This is the final post in a series of 7 case studies summarizing the challenges, experiences, and success of business school applicants who in recent years have engaged the admissions consulting services of The MBA Exchange. There’s no such thing as a “perfect” MBA candidate, but there are strategic ways to perfect your candidacy.
The featured profiles are:
#1. Low GPA
#2. Low GMAT Score, Qualitative background
#3. Undifferentiated/Technical work history
#4. No international experience
#5. Short work history
#7. Older applicant
These descriptions confirm that, while most applicants are not “perfect,” through well-planned strategies and diligently executed tactics, admission is achievable at schools that they believe are beyond their reach.
If your candidacy relates to any of these case studies, get in touch with us! The MBA Exchange would love to hear from you regarding your business-school aspirations and challenges.
Case Study #7: Older applicant
Applicant Profile for “Steven” (not his real name)
|Computer science major at a top 15-ranked university in the US with co-op program. Graduated with a 3.7 overall GPA.
|3 years of experience in product development as a software engineer; then promoted to technical leadership role and worked in this capacity for 3 more years. Left employer to launch own software company for 2 years.
|His start-up company is involved in socially responsible ventures and community service initiatives
|Harvard, Stanford, MIT and Cornell
The MBA Exchange’s Solution
Steven has worked for 8 years and is already in his mid 30s, which is significantly above the median age for full-time MBA program applicants. Admissions committees may consider Steven’s candidacy more appropriate for a part-time or executive MBA program. We reviewed our extensive experience with older clients whom we helped secure admission to top MBA programs, and devised the following 3-part strategy to help Steven develop a strong rationale for a full-time MBA program, and demonstrate his ability to contribute substantially to the student community:
- Identify and communicate in the “goals/why MBA” essay specific gaps in his skill set that necessitate a full-time MBA, despite the extent of his academic and professional experiences.
- In essays and recommendations, describe the specific benefits of the diversity of his experiences.
- Meet and converse with many current students and alumni to develop content to substantiate rationale for MBA and how he can add value to the student community.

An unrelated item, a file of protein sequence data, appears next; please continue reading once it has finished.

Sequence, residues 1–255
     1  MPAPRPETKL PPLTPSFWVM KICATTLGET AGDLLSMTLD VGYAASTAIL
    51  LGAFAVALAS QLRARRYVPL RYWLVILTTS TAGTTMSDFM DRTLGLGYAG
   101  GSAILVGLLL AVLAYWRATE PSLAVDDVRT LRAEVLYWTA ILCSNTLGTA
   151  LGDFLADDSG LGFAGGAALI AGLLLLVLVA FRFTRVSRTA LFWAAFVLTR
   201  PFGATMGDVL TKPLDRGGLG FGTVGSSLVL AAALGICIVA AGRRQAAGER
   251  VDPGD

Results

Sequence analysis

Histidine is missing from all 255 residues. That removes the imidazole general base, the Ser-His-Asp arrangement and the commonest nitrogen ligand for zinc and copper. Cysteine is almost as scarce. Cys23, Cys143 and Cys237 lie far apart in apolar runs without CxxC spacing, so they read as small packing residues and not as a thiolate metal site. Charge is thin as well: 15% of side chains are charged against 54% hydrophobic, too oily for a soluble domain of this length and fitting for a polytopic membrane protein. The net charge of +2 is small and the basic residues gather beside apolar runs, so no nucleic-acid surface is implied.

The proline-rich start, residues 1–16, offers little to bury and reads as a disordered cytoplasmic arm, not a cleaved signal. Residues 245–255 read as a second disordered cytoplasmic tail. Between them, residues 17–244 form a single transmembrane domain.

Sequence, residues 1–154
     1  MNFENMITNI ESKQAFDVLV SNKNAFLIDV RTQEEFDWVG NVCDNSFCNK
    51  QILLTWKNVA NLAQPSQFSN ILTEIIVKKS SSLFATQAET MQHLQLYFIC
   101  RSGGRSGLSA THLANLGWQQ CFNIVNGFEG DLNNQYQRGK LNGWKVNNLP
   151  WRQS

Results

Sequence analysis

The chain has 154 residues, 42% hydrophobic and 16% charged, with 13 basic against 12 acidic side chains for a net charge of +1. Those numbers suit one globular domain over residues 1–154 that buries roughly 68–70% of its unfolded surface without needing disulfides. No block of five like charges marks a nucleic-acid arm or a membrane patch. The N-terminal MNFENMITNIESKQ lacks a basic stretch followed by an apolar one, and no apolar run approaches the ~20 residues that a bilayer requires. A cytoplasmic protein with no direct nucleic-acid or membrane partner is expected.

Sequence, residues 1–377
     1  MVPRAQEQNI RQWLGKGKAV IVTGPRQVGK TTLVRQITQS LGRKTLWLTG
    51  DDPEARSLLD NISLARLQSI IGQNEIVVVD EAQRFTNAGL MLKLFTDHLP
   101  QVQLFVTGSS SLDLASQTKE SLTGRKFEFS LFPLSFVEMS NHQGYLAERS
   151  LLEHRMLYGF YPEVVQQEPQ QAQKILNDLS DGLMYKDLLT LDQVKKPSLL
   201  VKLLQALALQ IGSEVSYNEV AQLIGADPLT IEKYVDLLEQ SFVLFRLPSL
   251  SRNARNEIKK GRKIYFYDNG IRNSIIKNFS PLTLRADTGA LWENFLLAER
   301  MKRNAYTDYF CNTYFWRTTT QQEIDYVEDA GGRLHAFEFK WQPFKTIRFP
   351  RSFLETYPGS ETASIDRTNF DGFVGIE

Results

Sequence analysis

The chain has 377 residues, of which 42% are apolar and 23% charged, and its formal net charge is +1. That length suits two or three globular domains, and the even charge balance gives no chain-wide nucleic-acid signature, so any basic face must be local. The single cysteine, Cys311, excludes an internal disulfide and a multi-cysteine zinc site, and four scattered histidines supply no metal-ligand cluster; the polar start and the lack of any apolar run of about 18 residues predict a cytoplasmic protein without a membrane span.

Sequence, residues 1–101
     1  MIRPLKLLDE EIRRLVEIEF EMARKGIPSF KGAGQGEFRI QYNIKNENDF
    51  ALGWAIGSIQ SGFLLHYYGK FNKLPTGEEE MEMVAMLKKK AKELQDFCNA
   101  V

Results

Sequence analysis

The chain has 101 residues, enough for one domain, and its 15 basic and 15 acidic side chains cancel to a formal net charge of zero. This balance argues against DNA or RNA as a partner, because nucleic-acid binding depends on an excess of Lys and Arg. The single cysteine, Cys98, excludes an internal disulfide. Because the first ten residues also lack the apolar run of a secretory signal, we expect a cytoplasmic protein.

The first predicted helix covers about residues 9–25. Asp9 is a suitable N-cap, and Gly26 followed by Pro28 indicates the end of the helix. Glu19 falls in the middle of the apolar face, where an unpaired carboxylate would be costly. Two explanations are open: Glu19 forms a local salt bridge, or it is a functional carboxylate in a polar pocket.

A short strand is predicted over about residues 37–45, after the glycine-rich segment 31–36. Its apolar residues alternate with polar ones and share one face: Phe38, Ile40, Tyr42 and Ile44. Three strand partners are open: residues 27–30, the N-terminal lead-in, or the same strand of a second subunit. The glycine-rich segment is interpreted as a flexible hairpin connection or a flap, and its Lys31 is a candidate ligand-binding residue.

We worked diligently with Steven to help him develop powerful essay content that communicated his ability and desire to contribute unique experiences and skills through clubs and the classroom, as a result of the length and depth of his experiences spanning software engineering, socially responsible business, and entrepreneurship. We emphasized the need for him to convey how effectively he relates to colleagues of all ages. We helped him align his strengths with the selection criteria at his targeted schools. Steven was ultimately offered admission to Stanford, MIT and Cornell.
In order to capitalize on our experience and advice as Steven did, The MBA Exchange invites prospective clients to contact us for a free, preliminary evaluation at up to a year before they apply to business school. Engaging us for a Comprehensive Consultation will allow you time and proven strategies to strengthen your candidacy and then to prepare more compelling applications that maximize your chances for admission.
This was my one chance to gain admission to a top b-school! I knew getting into a full-time MBA program in my mid-30s would be a challenge, so I immediately partnered with The MBA Exchange to increase my chances of admission. My consultant brilliantly coached me in how to present a convincing rationale for a full-time MBA at this point in my career, and to position my length of experiences as an asset to a school’s community. They made the extra effort to understand me as a person. From recommendations to essays to interviews, my consultant guided me every step of the way — and into my top choices.